Sports


Father and son, coaching together once again

Stanford football coach Jim Harbaugh and his father will be on the sidelines for the Sun Bowl

It will be a special Christmas for the Stanford football team and the Harbaugh family. Cardinal head coach Jim Harbaugh has his father, Jack, on his coaching staff again. Father and son will enjoy the holiday before they board a plane together on Saturday for next week's Brut Sun Bowl in El Paso, Texas.

Stanford (8-4, 6-3 Pac-10) will face Oklahoma (7-6, 5-3 Big 12) on Dec. 31. Kickoff is scheduled for 11 a.m. (PT) and the game will be televised nationally on CBS.

Jim hired his father to be the interim running backs coach for Stanford's first bowl game since 2001. Jack replaces Willie Taggart, who was hired last month as the head coach at Western Kentucky, his alma mater.

"He's the best coach I know," Jim Harbaugh said.

The football team is familiar with the elder Harbaugh, taking his lead in singing a victory song after certain football games.

This is Jack Harbaugh's third stint of coaching with his son. The first was when Jim was head coach at UC San Diego in 2004 and Jack was an offensive assistant. The two were together at Western Kentucky from 1994 to 2001.

Jack Harbaugh is a veteran of 43 years in the coaching ranks -- 38 of those at the college level. He was an assistant coach at Stanford in the early 1980s when Jim played quarterback across the street at Palo Alto.

Jack coached the Western Kentucky Hilltoppers to the NCAA I-AA National Championship in 2002. Following that magical season, during which he was named American Coaches Association National Coach of the Year, he stepped away from coaching and for two seasons while holding the position of Associate Director of Athletics at Marquette University.

Under his guidance, WKU was the only I-AA school in the nation to rank in the top 10 in rushing offense every year since 1991, a run that stood at 12 straight through the 2002 campaign.

Additionally, 33 WKU student-athletes earned All-America recognition, including three who were named first- or second-team Academic All-America.

Harbaugh's WKU teams ranked among the most productive offensive squads in Western's history, posting some of the most impressive performances ever on the Hill, in both single-game and season-long numbers.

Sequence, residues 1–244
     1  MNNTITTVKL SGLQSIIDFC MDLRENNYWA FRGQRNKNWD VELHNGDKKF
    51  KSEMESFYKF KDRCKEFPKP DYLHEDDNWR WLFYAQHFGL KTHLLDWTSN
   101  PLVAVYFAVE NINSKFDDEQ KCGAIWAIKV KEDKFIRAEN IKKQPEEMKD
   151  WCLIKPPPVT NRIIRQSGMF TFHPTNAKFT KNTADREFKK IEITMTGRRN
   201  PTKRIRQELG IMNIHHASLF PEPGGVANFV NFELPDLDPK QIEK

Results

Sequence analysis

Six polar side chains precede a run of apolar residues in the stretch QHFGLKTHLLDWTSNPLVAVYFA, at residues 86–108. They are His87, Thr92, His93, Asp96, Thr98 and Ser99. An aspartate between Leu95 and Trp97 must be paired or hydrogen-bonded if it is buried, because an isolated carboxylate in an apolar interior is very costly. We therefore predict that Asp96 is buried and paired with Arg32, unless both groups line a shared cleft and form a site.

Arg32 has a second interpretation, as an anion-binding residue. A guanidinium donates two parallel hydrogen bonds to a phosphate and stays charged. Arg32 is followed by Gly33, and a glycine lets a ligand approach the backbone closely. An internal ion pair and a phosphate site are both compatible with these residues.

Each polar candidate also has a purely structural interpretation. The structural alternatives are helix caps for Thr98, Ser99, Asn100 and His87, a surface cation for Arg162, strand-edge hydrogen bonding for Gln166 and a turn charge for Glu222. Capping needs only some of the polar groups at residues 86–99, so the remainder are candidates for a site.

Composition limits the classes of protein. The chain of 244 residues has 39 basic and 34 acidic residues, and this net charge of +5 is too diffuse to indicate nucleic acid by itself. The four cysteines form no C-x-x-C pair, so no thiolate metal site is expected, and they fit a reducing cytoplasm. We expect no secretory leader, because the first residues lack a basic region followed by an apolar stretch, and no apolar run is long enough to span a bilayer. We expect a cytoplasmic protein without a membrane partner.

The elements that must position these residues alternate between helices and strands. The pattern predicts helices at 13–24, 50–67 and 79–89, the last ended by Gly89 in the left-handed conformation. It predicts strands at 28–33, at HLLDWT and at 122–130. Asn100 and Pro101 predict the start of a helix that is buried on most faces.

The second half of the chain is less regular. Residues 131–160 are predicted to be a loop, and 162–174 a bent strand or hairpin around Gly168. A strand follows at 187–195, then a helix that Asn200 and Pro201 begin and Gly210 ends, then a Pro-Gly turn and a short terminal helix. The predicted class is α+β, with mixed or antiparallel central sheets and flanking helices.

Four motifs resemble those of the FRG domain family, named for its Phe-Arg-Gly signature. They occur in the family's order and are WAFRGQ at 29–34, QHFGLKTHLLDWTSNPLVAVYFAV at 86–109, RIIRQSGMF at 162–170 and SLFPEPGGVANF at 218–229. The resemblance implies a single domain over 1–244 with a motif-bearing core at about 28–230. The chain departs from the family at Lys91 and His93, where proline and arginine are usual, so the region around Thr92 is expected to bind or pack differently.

Harbaugh also served as defensive backfield coach for the legendary Bo Schembechler at Michigan for seven years (1973-79).

Those Wolverine teams won five Big Ten Championships (1973, 1976, 1977, 1978 and 1979). Michigan played in the 1976 Orange Bowl and made three trips to the Rose Bowl ('77, '78 and '79). His seven Wolverine teams were 66-13-3 (.823) overall.

Jim Harbaugh's first Pac-10 media day in 2006 was full of references to his coaching influences.

"There are two people in my life, my dad and Bo Schembechler, where now that I'm 43 years old I feel like the things that come out of my mouth and the ways that I think - I can hear Bo Schembechler talking," Harbaugh said. "I'll say something and turn around and say, 'That's something Bo would have said.' Both of those people are individuals with such strong will and tremendous character. It's not like you take notes on how to be like Bo Schembechler or Jack Harbaugh. It's almost like they will their DNA on you."

Now, Jack Harbaugh is helping his son attempt to bring Stanford another bowl game victory. The Cardinal's last triumph in the postseason came in 1996 when Stanford defeated Michigan State, 36-0.

As part of his new job, Jack Harbaugh now is responsible for coaching Heisman Trophy runnerup Toby Gerhart and helping the Cardinal solve a Sooners' defense ranked seventh in the nation against the run.

Father and son were on the Palo Alto High football field this week as Stanford prepared for the Sun Bowl, which also will be played on artificial turf. The team's final practice there will be Wednesday before the players and coaches take Thursday and Friday off for the Christmas holiday.

Of Jim Harbaugh's name cropping up in recent coaching rumors, Jack Harbaugh told Dave Birkett of AnnArbor.com earlier this year:

"I think he's very, very happy at Stanford and Stanford is where he wants it to be. But I would say this: that still Michigan is the place that he loves, the place that for him was his foundation. It's where, the five years he spent there, his education there at Michigan and his associations with Bo and the other coaches on the staff, that' the place that he will always call home."

Following Stanford's win over USC, the elder Harbaugh also said: "I can just see Bo up in heaven, he's talking to Woody (Hayes) and he's got a big old cigar and he and Woody are looking down on the game and he looks over to Woody and he says, 'That Jimmy Harbaugh, that's the way the game's supposed to be played,' taking real pride in it, and I truly believe that he does take pride in it."

--Palo Alto Online Sports

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